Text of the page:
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Amazing haven for those needing care

Jamie Hanlon volunteers at Trinity Hospice. March 2013

Jamie Hanlon volunteers at Trinity Hospice. March 2013

THERE is no such thing as a ‘standard’ patient at Trinity Hospice.

Hospices are generally associated with people suffering from cancer, but in fact the hospice provides support for patients of all ages across the Fylde Coast with all manner of conditions.

Jamie Hanlon, 42, suffers from a serious lung condition which will never get better.

When he needs it, Jamie, who is on the list for a lung transplant, is admitted to hospice’s Day Therapy unit, and when he’s well he spends time volunteering there in a way to give something back for all the care he has received.

He said: “People think hospices are just for old people who are dying, but I need a transplant. I have a chance of living.

“When you first hear the world ‘terminal’, you feel like it’s the end of the world, but it’s not. They have people in this place who are absolutely amazing. You come here and you feel like part of the family.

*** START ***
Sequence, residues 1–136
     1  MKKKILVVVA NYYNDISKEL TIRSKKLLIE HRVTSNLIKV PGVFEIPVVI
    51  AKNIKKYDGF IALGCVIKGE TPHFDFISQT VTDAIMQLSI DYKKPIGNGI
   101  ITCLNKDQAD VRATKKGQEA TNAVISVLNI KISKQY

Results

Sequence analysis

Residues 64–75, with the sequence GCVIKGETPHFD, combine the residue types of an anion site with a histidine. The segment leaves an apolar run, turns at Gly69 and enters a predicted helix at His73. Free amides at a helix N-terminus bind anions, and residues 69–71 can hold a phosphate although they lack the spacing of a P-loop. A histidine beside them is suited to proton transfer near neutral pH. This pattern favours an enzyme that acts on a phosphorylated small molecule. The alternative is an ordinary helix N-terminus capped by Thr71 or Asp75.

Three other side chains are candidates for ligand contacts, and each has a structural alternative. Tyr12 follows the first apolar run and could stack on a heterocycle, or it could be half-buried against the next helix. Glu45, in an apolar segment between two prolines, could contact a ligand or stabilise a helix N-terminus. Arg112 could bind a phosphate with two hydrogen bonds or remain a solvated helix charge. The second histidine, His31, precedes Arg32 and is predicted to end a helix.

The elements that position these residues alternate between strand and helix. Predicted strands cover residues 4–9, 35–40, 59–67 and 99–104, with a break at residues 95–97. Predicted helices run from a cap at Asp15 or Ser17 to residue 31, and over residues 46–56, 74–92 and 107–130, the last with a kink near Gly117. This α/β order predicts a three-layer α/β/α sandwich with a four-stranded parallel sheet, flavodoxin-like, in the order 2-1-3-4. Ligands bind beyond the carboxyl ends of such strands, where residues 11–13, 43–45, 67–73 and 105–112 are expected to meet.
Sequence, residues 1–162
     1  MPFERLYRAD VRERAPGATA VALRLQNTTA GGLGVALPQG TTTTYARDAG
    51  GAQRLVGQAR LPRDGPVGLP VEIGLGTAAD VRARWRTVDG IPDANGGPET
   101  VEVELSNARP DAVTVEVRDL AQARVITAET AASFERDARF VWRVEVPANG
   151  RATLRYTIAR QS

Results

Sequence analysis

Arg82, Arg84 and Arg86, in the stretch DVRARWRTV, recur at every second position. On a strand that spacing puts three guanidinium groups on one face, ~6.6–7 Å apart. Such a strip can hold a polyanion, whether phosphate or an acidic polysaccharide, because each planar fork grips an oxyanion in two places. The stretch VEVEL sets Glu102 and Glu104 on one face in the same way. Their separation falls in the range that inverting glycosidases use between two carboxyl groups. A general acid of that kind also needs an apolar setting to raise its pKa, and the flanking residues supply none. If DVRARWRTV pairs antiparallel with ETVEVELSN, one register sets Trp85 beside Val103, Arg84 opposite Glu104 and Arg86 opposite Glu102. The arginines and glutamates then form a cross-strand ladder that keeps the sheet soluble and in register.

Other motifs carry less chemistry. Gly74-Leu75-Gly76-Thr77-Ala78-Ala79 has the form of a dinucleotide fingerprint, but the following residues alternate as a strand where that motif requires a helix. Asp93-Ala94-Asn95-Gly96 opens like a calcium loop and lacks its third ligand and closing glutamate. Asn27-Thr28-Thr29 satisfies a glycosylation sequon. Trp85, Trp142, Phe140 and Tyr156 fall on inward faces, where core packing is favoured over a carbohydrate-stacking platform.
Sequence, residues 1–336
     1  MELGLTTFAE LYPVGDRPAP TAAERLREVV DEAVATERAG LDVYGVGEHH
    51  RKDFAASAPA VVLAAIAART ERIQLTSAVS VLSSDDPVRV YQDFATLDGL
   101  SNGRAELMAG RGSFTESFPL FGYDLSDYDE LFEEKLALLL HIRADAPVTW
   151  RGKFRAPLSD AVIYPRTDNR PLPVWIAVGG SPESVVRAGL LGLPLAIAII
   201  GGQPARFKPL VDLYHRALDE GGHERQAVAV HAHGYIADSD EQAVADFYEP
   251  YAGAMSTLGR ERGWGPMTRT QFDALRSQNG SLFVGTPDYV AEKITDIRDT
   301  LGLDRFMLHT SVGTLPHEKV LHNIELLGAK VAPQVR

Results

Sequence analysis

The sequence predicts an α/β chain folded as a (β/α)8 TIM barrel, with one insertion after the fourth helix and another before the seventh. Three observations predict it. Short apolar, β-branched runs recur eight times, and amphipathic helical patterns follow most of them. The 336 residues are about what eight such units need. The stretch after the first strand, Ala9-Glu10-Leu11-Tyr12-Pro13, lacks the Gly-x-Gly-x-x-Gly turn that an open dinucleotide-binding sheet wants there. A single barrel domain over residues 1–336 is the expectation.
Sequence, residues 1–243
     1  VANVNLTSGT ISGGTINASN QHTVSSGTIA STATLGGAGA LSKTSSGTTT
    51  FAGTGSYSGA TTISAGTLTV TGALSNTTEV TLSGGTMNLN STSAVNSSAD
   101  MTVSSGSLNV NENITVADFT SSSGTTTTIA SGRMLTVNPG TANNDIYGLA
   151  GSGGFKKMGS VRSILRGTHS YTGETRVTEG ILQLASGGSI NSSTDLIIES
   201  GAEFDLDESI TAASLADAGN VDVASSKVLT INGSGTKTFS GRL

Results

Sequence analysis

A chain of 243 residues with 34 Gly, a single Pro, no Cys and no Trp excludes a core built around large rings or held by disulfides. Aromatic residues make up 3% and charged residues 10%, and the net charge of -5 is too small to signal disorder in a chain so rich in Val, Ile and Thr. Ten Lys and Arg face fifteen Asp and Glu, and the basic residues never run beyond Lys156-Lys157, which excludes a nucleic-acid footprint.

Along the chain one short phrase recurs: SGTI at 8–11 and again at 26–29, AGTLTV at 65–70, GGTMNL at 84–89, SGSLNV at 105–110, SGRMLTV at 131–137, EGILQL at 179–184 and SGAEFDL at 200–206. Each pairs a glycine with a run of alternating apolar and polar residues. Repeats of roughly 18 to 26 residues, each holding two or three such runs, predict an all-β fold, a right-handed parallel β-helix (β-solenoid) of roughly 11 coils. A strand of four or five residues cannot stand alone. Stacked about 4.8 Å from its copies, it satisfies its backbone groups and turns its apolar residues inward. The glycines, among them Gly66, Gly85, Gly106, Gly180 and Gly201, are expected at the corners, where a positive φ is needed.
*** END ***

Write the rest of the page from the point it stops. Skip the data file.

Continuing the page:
“I’m reasonably well right now and don’t currently go to Day Therapy, but I know they are there and that Trinity will always be here to support me, whatever happens. Hopefully this place will still be here after we’ve all gone to help more people deal with the stresses and ups and downs in life.”

Irene Bean, from Blackpool, also attends the hospice’s day care, and looks forward to going.

She said: “When people find out you have cancer, sometimes they don’t want to talk about it because they think you might get upset. I just want to say to them ‘I’m still me! Treat me normally!’

“I really enjoy coming to Trinity day care because everyone shares their experiences and people are not frightened to talk about them. I have made new friends, I have done things like painting scarves and self portraits; things I wouldn’t have done at home.

“When people hear the word hospice they imagine a ward full of beds, but to be honest we have a bit of a laugh and I can be a real giggler at times.”

It costs £7m a year to run Trinity Hospice, on Low Moor Road, Bispham, of which only £2m comes from central funding.

And on top of the running costs, the hospice must raise an additional £5m a year for its in-patient unit, Brian House children’s hospice, the Day Therapy Unit and bereavement counselling at Linden Centre.

That’s why the hospice is hoping for a bumper year as it takes the reins for the Beaverbrooks Blackpool 10k Fun Run. The run along the resort’s Golden Mile on Sunday May 12 is open to runners from as young as 11-years-old.

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